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Notification overview: configurable/filterable/sortable/multi-column notifs, for usability and catching up (with design example and functional breakdown)

Lately, I have found myself using Cohost less than Twitter again, a situation I would prefer to reverse. Part of the issue is that it's become difficult for me to keep up on here.

A lot of folks interact with my posts, and it can be very hard to manage when I throw out a couple shitposts and come back to "99+" and it's mostly likes. Notification coalescing improved this markedly, but it's still very easy to miss comments and replies I'd like to see.

I'd love an optional Tweetdeck-style view optimized for dealing with larger amounts of notifications. There was a chrome extension by bucketfishy that provided something like this, mostly but not completely obsoleted by the coalescing update. It stopped working then, as its main feature was built into Cohost, but the site is still not as usable for me as it was with this (screenshot from github):

Basically, this took one screenful of notifications, put ones with written content on the left, and put "alert only" ones on the right. Hitting load more would load more screenfuls behind what was shown, and "reload" would sort them into the columns. Hacky, but it worked extremely well for keeping track; I wouldn't miss anything.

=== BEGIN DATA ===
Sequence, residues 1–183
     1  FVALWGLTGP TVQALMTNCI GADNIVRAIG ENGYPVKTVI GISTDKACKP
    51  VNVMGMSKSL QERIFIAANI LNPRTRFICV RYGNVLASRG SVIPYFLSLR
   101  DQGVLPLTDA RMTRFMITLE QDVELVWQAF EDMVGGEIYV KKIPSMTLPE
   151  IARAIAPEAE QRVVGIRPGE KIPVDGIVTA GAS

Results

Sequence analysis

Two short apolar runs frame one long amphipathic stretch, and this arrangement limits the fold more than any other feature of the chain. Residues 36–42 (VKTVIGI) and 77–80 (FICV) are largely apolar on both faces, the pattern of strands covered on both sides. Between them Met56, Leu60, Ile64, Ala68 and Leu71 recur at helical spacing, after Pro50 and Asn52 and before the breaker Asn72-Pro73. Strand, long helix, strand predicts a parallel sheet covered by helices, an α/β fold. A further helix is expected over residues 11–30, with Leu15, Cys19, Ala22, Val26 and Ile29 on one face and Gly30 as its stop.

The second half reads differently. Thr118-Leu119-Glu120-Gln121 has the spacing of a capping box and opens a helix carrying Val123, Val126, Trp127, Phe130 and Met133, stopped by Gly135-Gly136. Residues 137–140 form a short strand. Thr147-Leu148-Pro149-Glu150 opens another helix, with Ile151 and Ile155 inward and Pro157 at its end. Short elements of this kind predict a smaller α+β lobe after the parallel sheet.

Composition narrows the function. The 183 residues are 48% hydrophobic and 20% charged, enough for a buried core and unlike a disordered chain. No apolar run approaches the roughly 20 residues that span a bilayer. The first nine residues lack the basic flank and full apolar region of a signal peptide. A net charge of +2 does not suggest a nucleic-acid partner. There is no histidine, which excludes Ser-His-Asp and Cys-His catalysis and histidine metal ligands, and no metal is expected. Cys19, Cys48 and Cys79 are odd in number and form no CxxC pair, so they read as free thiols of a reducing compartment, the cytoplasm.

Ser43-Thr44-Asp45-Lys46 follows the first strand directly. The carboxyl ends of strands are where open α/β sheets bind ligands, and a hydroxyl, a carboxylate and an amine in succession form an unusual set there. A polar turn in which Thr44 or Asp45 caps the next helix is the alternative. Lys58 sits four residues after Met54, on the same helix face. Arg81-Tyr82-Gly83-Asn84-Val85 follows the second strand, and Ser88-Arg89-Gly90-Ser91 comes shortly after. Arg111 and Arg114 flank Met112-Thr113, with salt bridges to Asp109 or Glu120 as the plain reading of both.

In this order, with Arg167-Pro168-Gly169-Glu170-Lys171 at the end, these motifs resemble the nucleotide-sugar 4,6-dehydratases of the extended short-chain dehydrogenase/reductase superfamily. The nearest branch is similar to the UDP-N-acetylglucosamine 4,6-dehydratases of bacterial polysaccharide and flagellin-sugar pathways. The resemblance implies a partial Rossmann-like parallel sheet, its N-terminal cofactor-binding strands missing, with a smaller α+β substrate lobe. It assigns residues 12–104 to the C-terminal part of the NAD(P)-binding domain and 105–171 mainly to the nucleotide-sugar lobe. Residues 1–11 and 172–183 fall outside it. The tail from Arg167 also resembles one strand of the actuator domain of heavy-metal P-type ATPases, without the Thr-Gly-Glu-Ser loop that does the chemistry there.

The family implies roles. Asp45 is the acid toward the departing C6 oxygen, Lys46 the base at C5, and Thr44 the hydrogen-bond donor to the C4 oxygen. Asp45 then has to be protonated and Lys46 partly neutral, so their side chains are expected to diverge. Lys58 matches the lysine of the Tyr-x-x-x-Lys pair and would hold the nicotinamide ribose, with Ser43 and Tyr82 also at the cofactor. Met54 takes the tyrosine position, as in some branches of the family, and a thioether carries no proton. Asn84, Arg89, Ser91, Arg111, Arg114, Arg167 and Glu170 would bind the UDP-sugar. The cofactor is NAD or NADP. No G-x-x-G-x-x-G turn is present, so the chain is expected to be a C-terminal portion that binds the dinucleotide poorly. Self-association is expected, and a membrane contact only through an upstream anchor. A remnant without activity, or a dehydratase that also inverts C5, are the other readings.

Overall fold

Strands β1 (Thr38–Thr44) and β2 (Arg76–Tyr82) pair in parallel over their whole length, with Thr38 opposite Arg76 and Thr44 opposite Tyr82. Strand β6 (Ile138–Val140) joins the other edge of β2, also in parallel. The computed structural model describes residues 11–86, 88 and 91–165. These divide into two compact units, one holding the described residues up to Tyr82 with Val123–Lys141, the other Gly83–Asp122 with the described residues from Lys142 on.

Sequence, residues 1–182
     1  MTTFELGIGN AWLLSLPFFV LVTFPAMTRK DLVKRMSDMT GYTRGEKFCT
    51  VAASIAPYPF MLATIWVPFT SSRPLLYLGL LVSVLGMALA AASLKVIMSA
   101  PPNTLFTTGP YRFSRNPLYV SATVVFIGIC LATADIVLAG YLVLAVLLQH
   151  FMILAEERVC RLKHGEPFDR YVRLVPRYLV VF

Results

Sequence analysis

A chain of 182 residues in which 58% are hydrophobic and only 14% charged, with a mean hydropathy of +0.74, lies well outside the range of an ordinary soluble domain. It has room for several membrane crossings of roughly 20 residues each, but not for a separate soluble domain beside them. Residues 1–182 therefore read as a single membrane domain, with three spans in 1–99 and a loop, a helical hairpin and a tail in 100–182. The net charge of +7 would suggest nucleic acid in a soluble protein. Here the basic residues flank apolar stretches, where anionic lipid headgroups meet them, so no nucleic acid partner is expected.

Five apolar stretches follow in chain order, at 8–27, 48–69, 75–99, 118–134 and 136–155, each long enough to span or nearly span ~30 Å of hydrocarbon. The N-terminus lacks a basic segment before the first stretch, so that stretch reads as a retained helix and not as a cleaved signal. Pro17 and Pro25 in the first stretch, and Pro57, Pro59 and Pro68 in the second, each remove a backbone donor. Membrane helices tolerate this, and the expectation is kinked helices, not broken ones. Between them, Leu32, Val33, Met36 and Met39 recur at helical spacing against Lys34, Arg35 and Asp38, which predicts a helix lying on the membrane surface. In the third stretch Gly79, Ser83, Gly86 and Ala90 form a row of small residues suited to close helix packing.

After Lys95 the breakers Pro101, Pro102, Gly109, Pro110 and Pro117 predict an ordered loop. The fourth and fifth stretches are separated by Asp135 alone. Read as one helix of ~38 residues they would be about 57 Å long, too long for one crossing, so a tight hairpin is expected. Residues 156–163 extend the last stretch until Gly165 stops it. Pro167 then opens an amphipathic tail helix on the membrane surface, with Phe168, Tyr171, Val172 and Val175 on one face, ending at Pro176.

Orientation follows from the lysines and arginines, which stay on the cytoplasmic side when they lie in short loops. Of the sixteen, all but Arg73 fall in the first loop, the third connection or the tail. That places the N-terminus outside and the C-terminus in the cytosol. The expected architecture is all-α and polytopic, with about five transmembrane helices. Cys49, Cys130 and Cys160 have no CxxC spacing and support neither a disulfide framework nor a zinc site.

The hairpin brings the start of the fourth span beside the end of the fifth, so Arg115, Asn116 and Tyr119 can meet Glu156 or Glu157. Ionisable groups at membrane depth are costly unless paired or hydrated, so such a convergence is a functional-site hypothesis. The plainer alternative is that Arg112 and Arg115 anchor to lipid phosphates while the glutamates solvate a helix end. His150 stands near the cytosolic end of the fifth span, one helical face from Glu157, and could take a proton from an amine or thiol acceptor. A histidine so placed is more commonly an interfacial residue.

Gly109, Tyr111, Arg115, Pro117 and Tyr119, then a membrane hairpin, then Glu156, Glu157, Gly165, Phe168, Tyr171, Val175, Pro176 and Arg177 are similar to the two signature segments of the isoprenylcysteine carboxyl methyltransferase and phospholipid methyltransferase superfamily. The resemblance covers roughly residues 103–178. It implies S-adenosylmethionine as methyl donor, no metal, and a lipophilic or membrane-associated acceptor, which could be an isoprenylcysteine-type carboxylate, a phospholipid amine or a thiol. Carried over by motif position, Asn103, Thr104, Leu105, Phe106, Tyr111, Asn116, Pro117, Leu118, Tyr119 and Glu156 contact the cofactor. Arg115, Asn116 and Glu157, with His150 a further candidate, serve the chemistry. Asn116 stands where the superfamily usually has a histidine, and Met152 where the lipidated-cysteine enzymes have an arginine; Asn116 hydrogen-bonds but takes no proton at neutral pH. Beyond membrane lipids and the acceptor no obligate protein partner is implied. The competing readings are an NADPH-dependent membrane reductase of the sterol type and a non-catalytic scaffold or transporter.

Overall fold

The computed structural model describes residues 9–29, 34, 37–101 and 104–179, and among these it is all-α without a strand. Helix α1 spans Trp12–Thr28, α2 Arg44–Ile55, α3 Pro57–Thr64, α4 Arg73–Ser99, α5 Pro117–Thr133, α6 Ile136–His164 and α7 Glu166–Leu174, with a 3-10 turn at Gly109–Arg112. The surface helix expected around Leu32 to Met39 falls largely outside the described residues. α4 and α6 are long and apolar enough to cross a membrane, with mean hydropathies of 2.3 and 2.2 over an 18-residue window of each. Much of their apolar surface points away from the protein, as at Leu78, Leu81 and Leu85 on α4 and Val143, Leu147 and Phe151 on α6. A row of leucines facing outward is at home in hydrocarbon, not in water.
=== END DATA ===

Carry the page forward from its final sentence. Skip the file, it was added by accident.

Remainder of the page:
Thinking about how I used it, the important design features of this that were most beneficial for my use of Cohost were:

• That notifications were sorted into two columns, one for "comments and replies" and another for non-contentful actions, ensuring I wouldn't miss any written responses to a post

• That I could keep hitting "load more" until I saw a notification I'd seen last, and then process it all at once, receiving a sorted overview of all the notifications that had come in for that timeframe.

• That there was a definite sort order on the right for types of notifications. Once I'd loaded all the notifications from a given time period, I could see all the people who followed me, all the people who'd shared a given post, and so on, in an order easy for me to mentally process.

• That it showed usernames densely by default. Ordinarily on social media sites I am better at identifying people by their avatars, but the ones in Cohost's notification feed are so small that it's troublesome, and seeing a long list of people on their own line in a dropdown seems to add undesirable mental friction to comprehending the whole, at least for me. 


The main functions I would add to this feature in addition to what was accomplished by the browser extension are the following: